The Keller Fellowship, named to honor John Keller, class of 1987, for his work for over thirty-five years with Legal Aid of NC, is open to graduating students each year. The fellowship was initially funded by members of the Class of 1987. Fellows work with a host organization doing domestic legal work in the United States. Duke Law provides the fellow’s salary and benefits for a year. Fellowships doing civil legal work for low-income or indigent clients, particularly work that addresses issues related to eliminating poverty, are preferred.
Duke Law School is part of the Law School Partnership Program that works with Gideon’s Promise, a nonprofit public defender organization whose mission is to transform the criminal justice system. Through the program, Duke Law will provide up to one year of funding for a recent graduate working in a public defender office with the understanding that the office will then hire the graduate. The graduate will be a participant in Gideon’s Promise 3-year CORE 101 program and learn client-centered values, legal skills critical to indigent defense, and build community with a cohort of public defenders nationwide.
Bridge to Practice
The Bridge to Practice Fellowship program offers paid, post-graduate fellowships with public interest, government and other legal employers for graduating Duke Law students. Created in Spring 2008, the program was designed to assist graduates seeking employment in sectors that do not typically hire until after bar passage. The program also is open to graduating students who have not secured long-term employment by graduation. The goal of the program is to provide graduating students with meaningful, full-time work experiences that will serve as a springboard to long-term positions in the graduate’s desired sector and location. Click here for more information.
Loan Repayment Assistance Program
The Loan Repayment Assistance Program program greatly reduces the degree to which financing the cost of a legal education limits career options and opens the door to public service careers by providing a path for total loan forgiveness. Click here for more information.
Duke Law Public Interest Bar Grants
Duke Law School awards Bar Grants to 3Ls committed to a public interest career immediately after graduation or to a judicial clerkship followed by a public interest position. These grants help offset the cost of studying for the bar exam the summer after graduation. Awards can be used towards bar exam registration fees, bar study course tuition, or living expenses incurred during the summer.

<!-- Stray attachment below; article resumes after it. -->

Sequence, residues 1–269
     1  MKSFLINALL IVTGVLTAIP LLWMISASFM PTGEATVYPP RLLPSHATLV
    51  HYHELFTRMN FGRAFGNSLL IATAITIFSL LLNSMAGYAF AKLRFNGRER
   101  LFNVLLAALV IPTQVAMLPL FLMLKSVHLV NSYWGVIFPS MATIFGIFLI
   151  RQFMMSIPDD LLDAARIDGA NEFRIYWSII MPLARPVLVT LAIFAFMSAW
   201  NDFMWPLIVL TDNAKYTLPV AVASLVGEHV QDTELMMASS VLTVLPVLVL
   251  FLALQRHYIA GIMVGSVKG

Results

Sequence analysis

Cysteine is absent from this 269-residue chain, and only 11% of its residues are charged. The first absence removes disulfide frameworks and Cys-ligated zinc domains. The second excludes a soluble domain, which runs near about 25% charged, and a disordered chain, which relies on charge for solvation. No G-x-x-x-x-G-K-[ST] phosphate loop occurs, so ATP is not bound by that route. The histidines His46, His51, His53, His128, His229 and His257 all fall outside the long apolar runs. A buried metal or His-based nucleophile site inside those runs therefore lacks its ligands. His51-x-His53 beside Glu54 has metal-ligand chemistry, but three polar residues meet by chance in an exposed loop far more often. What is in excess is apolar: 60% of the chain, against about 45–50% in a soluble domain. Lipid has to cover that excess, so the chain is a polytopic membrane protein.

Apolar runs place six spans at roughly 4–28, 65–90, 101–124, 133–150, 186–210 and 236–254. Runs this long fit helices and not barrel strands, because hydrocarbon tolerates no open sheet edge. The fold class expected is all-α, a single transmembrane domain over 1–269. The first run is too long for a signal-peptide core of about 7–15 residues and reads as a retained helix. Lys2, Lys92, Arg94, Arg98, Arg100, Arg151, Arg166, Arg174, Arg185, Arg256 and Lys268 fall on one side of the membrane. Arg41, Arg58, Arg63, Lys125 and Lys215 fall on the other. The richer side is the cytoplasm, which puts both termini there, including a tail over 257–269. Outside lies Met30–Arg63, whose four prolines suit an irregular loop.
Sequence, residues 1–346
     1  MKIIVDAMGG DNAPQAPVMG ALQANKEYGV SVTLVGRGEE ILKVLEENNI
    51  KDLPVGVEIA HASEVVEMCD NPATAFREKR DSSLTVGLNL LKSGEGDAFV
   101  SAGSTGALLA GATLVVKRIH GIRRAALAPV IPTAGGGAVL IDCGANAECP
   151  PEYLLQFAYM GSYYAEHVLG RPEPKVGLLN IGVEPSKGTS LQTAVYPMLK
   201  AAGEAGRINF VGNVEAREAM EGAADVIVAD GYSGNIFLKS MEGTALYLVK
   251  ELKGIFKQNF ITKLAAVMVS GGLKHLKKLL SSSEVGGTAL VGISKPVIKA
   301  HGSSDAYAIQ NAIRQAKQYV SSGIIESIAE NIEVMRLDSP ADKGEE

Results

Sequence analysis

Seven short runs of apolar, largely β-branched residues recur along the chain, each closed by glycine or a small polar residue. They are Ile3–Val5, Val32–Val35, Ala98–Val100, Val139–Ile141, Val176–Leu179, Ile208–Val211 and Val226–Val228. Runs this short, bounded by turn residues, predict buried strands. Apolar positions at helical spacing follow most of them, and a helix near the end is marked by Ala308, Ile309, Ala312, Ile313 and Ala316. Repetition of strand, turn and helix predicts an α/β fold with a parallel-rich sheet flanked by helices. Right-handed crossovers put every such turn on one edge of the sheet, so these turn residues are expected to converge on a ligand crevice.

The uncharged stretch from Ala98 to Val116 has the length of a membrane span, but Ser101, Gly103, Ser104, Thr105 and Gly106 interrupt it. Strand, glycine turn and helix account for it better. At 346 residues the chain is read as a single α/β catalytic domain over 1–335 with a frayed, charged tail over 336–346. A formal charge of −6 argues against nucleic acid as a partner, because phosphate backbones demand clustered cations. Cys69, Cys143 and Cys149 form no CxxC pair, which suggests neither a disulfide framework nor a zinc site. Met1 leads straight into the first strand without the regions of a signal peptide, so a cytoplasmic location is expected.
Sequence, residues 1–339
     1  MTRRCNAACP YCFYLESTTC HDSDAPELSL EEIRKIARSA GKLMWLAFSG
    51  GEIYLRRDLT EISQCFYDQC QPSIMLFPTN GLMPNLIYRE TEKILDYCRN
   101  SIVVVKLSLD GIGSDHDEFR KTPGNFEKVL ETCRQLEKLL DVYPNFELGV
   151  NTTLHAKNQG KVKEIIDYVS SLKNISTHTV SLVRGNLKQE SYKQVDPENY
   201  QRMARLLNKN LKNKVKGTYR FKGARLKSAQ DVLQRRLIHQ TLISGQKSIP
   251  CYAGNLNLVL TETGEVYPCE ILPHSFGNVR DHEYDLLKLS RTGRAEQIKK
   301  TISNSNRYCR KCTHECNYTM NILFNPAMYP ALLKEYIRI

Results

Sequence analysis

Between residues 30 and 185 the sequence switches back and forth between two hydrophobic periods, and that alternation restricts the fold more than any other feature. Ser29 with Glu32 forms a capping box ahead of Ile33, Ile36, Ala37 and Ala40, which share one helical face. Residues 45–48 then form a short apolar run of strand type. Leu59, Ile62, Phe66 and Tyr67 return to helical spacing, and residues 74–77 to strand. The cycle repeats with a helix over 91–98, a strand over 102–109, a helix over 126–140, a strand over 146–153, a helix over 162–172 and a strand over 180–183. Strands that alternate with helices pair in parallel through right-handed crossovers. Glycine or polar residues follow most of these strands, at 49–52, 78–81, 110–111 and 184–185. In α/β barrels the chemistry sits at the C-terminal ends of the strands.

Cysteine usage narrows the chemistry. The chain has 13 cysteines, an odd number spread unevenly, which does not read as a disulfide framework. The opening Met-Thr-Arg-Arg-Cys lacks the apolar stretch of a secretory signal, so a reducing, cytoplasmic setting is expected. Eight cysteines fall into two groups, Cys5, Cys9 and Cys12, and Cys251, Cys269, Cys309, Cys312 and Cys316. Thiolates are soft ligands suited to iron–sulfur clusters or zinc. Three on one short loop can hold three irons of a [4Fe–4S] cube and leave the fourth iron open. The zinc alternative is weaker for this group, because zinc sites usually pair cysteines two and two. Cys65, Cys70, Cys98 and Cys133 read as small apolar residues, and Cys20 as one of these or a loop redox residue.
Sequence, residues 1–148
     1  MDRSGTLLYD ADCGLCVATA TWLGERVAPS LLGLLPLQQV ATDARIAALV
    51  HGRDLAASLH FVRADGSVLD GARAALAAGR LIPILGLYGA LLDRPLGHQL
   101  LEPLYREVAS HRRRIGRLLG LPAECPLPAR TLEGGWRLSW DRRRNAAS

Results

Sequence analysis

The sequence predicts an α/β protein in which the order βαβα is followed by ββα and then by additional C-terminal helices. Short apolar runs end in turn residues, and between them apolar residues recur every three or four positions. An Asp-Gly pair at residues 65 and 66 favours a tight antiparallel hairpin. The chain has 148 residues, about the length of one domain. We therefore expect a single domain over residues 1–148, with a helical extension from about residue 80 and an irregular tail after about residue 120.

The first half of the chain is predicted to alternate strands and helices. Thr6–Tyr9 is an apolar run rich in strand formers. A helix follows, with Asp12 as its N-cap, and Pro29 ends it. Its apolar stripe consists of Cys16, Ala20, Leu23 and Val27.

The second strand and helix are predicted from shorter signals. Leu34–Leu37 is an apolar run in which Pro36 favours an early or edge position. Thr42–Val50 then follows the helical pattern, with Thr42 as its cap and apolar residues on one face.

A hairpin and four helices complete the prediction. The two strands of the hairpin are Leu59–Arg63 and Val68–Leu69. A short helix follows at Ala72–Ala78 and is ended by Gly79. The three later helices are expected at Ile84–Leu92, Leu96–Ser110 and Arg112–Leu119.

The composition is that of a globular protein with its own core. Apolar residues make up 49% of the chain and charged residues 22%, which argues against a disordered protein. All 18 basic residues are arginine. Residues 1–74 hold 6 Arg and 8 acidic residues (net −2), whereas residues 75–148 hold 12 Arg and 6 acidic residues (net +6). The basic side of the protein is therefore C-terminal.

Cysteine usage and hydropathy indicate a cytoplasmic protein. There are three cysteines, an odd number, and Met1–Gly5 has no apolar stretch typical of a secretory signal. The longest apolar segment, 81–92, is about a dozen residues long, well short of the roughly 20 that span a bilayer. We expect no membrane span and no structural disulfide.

Duke Law Public Interest Summer Internship Grants
Duke Law School offers guaranteed* summer funding to students who secure a qualifying public interest internship for the summer. Full grants are awarded for 8 or more weeks at 40 hours per week. Funding may be pro-rated for lesser commitments or split summers. Grant amounts for 2Ls are higher than grant amounts for 1Ls.
*First year students must complete at least 15 pro bono hours during the academic year to receive funding.
Duke Law Endowed Public Interest Fellowships
These competitive summer fellowships are made possible through endowments to Duke Law School from generous alumni donors. Students must secure a qualifying summer internship with a non-profit, NGO, or government organization in the U.S. or abroad, and demonstrate a commitment to developing a career in public interest.
Duke Law Alexandra D. Korry L'86 Civil Rights Fellowships
These competitive fellowships are awarded to students doing a wide range of domestic civil rights related summer work, including internships in: civil rights and criminal justice reform organizations; civil legal aid; juvenile and public defense offices; and organizations supporting immigration, environmental justice, gender equality and the arts. The fellowship was established in honor of Duke Law Alumna Alexandra D. Korry L’86 for her outstanding pro bono civil rights work and her contribution to ending juvenile solitary confinement. (For more information, see these articles in Duke Law Magazine and The New York Times)
Duke University Stanback Environmental Fellowships
The Stanback Fellowship Program is a program exclusive to Duke undergraduate, graduate, and professional students that offers placements with environmental advocacy organizations nationwide. The program is administered by the Nicholas School of the Environment through the generous support of Mr. & Mrs. Fred Stanback. Several legal organizations post for 1Ls and 2Ls; past employers include the Duke Environmental Law and Policy Clinic, Earthjustice, Environmental Working Group, Natural Resources Defense Council, Sierra Club, Southern Environmental Law Center, and the North Carolina Conservation Network.
For Public Interest Summer Internship Grants, Endowed Public Interest Summer Fellowships, and Alexandra D. Korry L'86 Civil Rights Fellowships, students may seek additional funding from outside the Law School or Duke University, including from their employer or through external sources; if the total funding is below the annually set cap, there is no reduction in the student’s Duke law grant or fellowship.